It works for Java developers . . .
Oracle has got no choice but to get it right on Java, according to Java founder James Gosling, who has voiced some support for the database giant's proposed changes. According to Infoworld, Gosling is told told TheServerSide Java Symposium that with a large part of Oracle's business dependent on Java, "it's in their own self …
'Oracle won't break Java because they use it'.
No, Oracle won't break the Java they're using. Or at least, they'll try not to.
Now on what part of Oracle's proud history do you base the conclusion that they would also want to make sure that everyone else's Java-dependent business keeps going?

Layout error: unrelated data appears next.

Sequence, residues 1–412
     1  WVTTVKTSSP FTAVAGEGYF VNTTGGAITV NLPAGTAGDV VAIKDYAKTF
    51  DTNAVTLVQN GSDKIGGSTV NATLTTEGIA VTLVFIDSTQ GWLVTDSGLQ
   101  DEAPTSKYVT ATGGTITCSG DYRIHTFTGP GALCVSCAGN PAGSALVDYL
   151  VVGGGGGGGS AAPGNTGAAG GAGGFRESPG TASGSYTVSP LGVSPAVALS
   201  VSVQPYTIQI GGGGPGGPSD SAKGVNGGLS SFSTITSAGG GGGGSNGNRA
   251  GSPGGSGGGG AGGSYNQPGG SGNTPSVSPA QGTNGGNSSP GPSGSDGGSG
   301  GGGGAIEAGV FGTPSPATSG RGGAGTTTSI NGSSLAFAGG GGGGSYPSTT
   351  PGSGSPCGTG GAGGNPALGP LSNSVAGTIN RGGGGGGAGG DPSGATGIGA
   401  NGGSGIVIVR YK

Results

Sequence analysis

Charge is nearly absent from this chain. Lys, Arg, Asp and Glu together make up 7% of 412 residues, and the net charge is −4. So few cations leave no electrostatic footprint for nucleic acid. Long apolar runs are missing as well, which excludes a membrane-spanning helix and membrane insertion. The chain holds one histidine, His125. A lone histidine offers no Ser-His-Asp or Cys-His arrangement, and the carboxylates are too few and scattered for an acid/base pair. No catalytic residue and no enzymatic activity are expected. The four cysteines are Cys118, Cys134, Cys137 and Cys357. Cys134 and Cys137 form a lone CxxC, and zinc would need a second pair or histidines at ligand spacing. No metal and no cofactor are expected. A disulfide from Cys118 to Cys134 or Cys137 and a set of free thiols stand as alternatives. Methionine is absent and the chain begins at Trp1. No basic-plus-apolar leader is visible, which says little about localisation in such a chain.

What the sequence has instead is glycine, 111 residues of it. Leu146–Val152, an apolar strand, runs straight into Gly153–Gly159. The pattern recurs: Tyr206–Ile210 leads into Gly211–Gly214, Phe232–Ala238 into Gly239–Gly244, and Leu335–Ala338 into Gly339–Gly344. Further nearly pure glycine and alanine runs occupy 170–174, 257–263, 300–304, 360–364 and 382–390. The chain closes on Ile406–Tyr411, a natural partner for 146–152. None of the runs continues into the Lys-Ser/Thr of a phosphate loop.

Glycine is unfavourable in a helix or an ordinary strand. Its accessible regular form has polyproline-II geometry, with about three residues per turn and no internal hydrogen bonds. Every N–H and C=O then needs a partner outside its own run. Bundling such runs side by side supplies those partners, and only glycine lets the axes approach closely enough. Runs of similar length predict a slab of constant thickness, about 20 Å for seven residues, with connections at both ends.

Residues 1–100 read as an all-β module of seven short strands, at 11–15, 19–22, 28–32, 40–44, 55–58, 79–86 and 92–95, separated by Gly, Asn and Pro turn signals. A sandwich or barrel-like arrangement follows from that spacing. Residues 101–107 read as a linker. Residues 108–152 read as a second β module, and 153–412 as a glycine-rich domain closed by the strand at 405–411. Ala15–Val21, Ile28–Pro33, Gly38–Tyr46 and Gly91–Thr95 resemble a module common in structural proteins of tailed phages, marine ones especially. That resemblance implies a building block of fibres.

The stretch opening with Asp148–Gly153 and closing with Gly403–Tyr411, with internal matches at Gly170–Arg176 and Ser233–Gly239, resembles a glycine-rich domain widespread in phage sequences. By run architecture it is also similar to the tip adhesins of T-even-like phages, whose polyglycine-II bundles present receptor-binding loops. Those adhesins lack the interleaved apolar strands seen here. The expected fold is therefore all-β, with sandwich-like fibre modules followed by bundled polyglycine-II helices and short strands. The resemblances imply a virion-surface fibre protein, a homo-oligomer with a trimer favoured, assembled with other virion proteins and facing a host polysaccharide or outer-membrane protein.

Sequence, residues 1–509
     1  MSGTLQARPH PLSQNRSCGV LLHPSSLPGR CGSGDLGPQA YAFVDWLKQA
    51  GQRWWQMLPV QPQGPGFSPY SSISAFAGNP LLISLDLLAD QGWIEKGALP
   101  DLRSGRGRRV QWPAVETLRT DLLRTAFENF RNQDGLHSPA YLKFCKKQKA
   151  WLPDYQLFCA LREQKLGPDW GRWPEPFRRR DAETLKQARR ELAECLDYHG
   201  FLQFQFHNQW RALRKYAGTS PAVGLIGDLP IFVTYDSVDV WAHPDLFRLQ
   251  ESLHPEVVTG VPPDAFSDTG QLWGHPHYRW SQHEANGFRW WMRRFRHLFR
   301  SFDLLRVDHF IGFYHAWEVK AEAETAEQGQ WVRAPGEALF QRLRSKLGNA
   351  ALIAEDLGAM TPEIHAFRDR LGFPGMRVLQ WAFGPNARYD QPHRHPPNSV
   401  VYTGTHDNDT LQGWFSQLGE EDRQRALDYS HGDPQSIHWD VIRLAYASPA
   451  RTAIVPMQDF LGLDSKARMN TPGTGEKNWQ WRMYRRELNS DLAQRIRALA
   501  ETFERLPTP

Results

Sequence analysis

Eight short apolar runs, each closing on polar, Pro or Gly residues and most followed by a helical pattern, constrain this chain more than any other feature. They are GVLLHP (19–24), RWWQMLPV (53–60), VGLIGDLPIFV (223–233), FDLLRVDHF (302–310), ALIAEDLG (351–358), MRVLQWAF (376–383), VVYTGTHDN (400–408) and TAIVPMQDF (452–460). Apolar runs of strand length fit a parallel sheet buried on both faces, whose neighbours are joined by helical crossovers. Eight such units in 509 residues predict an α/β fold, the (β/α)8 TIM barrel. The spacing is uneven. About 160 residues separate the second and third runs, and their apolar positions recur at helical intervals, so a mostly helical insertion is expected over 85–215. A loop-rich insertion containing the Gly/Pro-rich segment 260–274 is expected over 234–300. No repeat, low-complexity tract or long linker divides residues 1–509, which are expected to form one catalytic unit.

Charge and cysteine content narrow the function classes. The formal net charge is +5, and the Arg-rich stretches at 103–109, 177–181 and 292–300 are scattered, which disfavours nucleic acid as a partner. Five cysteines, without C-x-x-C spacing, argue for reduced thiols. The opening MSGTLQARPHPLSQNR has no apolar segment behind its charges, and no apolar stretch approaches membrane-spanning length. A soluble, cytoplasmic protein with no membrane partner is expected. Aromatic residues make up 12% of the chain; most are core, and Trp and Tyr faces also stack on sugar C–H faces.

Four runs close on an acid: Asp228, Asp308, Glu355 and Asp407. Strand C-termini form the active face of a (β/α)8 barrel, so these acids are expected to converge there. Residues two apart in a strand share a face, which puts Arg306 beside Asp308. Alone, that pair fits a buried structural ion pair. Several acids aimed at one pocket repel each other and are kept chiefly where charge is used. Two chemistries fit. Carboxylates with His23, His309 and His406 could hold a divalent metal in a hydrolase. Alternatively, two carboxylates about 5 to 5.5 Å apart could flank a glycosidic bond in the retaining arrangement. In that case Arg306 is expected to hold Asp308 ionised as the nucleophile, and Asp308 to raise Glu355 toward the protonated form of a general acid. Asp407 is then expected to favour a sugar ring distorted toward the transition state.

IIRC for a long time Sun did forbid any other language to output Java byte code, in its design Java and the JVM were strictly tied. IIRC Borland many years ago demonstrated a Delphi compiler that could output Java byte code, but then abandoned the project because of licensing issues. Now that .NET demonstrated a VM can be used by different languages and they lost ground to MS Gosling has changed is mind?
It's an open question -- searching around didn't find me anything, so we can't really guess at what changed his mind (maybe .NET did it, but it could equally likely have been something else).
I see a lot of interesting languages that make use of JVM: <http://en.wikipedia.org/wiki/List_of_JVM_languages>.
Huh. I understand the interest in JVMing some of them, but REXX?
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